Treasures and Talismans

1 May — 18 Oct 2015 at The Cloisters in New York, United States

Renaissance Enamel Ring, France-Flanders, Burgundy, mid-15th century, Gold, pearls, ronde-bosse, and red enamel, Griffin Collection. Photograph by Richard Goodbody
Renaissance Enamel Ring, France-Flanders, Burgundy, mid-15th century, Gold, pearls, ronde-bosse, and red enamel, Griffin Collection. Photograph by Richard Goodbody
7 APR 2015

Worn by women and men, finger rings are among the oldest and most familiar forms of jewelry. In addition to their use as personal adornments, rings can serve as declarations of status, markers of significant life events, expressions of identity, and protective talismans. Some three dozen ancient, medieval, and later examples will be shown in the exhibition Treasures and Talismans: Rings from the Griffin Collection, opening May 1 at The Cloisters—a branch of The Metropolitan Museum of Art devoted to the art and architecture of the Middle Ages. The collection is named after the mythical creature that was part lion and part eagle. In medieval lore, the griffin was often a guardian of treasure and was known for seeking out gold in rocks—hence its fitting use for this private collection of precious gold rings.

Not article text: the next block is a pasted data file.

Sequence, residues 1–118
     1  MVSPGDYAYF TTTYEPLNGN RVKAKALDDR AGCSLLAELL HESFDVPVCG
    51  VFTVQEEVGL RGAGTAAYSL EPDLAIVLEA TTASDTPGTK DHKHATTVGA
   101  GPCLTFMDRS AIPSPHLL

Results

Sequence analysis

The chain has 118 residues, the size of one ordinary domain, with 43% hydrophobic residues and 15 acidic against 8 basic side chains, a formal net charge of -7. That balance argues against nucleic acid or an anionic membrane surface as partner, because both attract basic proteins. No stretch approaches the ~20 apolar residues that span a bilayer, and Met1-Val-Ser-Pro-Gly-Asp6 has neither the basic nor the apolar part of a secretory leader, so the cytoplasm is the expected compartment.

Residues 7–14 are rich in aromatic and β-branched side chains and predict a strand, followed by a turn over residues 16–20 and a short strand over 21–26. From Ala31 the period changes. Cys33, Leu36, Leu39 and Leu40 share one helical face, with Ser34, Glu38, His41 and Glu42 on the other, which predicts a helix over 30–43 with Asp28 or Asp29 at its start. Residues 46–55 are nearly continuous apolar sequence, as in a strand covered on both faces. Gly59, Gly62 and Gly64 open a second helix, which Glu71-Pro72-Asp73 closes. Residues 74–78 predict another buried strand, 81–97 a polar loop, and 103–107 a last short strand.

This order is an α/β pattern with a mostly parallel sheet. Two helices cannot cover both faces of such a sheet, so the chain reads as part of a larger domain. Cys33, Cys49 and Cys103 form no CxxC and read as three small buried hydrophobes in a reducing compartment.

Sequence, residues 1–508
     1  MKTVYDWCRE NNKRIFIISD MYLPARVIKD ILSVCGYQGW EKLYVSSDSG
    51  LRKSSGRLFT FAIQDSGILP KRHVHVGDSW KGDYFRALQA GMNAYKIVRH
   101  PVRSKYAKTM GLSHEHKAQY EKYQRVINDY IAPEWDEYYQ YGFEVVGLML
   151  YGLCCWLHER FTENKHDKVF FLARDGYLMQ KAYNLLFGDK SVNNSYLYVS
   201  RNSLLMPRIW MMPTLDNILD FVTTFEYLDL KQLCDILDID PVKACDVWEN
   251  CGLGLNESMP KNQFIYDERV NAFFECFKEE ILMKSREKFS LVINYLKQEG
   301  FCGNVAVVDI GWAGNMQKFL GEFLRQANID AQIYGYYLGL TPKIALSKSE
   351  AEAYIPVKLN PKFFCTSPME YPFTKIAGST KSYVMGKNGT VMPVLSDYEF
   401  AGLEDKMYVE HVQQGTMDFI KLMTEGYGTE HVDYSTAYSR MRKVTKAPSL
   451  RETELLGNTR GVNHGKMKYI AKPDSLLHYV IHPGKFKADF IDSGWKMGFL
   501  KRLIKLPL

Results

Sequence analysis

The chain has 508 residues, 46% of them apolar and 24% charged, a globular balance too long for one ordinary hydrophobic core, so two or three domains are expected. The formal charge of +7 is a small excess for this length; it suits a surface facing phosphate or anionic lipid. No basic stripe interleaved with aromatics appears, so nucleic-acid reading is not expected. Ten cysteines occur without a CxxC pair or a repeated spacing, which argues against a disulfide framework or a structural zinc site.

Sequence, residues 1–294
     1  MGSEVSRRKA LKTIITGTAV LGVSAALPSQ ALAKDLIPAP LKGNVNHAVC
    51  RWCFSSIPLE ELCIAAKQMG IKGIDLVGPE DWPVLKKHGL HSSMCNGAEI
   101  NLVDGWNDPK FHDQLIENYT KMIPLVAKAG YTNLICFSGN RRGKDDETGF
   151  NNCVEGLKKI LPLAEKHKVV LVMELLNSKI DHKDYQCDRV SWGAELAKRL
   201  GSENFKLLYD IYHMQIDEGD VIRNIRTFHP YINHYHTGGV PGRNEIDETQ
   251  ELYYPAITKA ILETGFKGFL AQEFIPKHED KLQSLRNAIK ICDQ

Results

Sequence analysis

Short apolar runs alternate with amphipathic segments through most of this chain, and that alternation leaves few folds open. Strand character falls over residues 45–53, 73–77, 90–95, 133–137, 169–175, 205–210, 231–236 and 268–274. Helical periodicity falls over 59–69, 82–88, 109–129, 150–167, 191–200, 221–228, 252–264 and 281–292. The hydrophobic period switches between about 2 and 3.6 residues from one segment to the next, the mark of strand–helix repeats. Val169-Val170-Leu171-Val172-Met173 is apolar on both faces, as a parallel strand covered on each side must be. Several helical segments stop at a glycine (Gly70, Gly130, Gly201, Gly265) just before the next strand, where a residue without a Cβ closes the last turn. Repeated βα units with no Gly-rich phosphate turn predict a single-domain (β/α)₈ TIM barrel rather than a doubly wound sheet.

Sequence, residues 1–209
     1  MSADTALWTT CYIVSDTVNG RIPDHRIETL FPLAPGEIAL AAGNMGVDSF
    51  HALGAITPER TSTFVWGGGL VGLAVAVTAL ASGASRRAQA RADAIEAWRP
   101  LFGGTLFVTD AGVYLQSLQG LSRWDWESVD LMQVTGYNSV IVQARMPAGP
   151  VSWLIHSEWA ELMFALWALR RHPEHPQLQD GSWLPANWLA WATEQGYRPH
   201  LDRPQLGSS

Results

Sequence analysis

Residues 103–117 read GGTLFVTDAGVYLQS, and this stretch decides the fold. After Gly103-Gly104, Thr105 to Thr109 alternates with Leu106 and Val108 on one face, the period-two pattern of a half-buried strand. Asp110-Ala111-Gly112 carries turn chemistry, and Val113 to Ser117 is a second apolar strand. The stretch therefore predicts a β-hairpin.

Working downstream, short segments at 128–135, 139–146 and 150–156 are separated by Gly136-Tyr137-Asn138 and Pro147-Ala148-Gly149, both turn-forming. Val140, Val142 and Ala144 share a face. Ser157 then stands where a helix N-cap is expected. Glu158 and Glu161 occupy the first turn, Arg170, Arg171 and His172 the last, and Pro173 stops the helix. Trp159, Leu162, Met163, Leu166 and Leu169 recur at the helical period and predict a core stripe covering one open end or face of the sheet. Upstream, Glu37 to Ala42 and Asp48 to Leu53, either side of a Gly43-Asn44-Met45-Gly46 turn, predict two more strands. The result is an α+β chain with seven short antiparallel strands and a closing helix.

The exhibition is made possible by the Estate of Eldridge Greenlee.

The rings will be displayed alongside two dozen related works in a range of media, including paintings, illuminated manuscripts, sculpture, and goldsmith work spanning the late second-third century A.D. to the 16th century from the Metropolitan’s departments of Greek and Roman Art, European Paintings, European Sculpture and Decorative Arts, Medieval Art and The Cloisters, and the Robert Lehman Collection. The Petrus Christus painting A Goldsmith in his Shop (1449), for example, shows a goldsmith weighing a wedding ring, while raw materials for making rings and other forms of jewelry and finished products line the shelves of the shop.

Exploring the making of rings from raw material to finished product and from goldsmith to owner, the exhibition will highlight rings as both physical objects and works of art. The significance of rings in the lives of medieval and Renaissance people will be a featured topic. Also discussed will be the connection of rings to religion, superstition, love, marriage, and identity.

The exhibition will feature short videos on the techniques used in making rings: cutting stones, settings, and ring design.

The installation is organized by C. Griffith Mann, the Michel David-Weill Curator in Charge of the Department of Medieval Art and The Cloisters.

Education programs will include gallery talks and demonstrations by jewelry designers.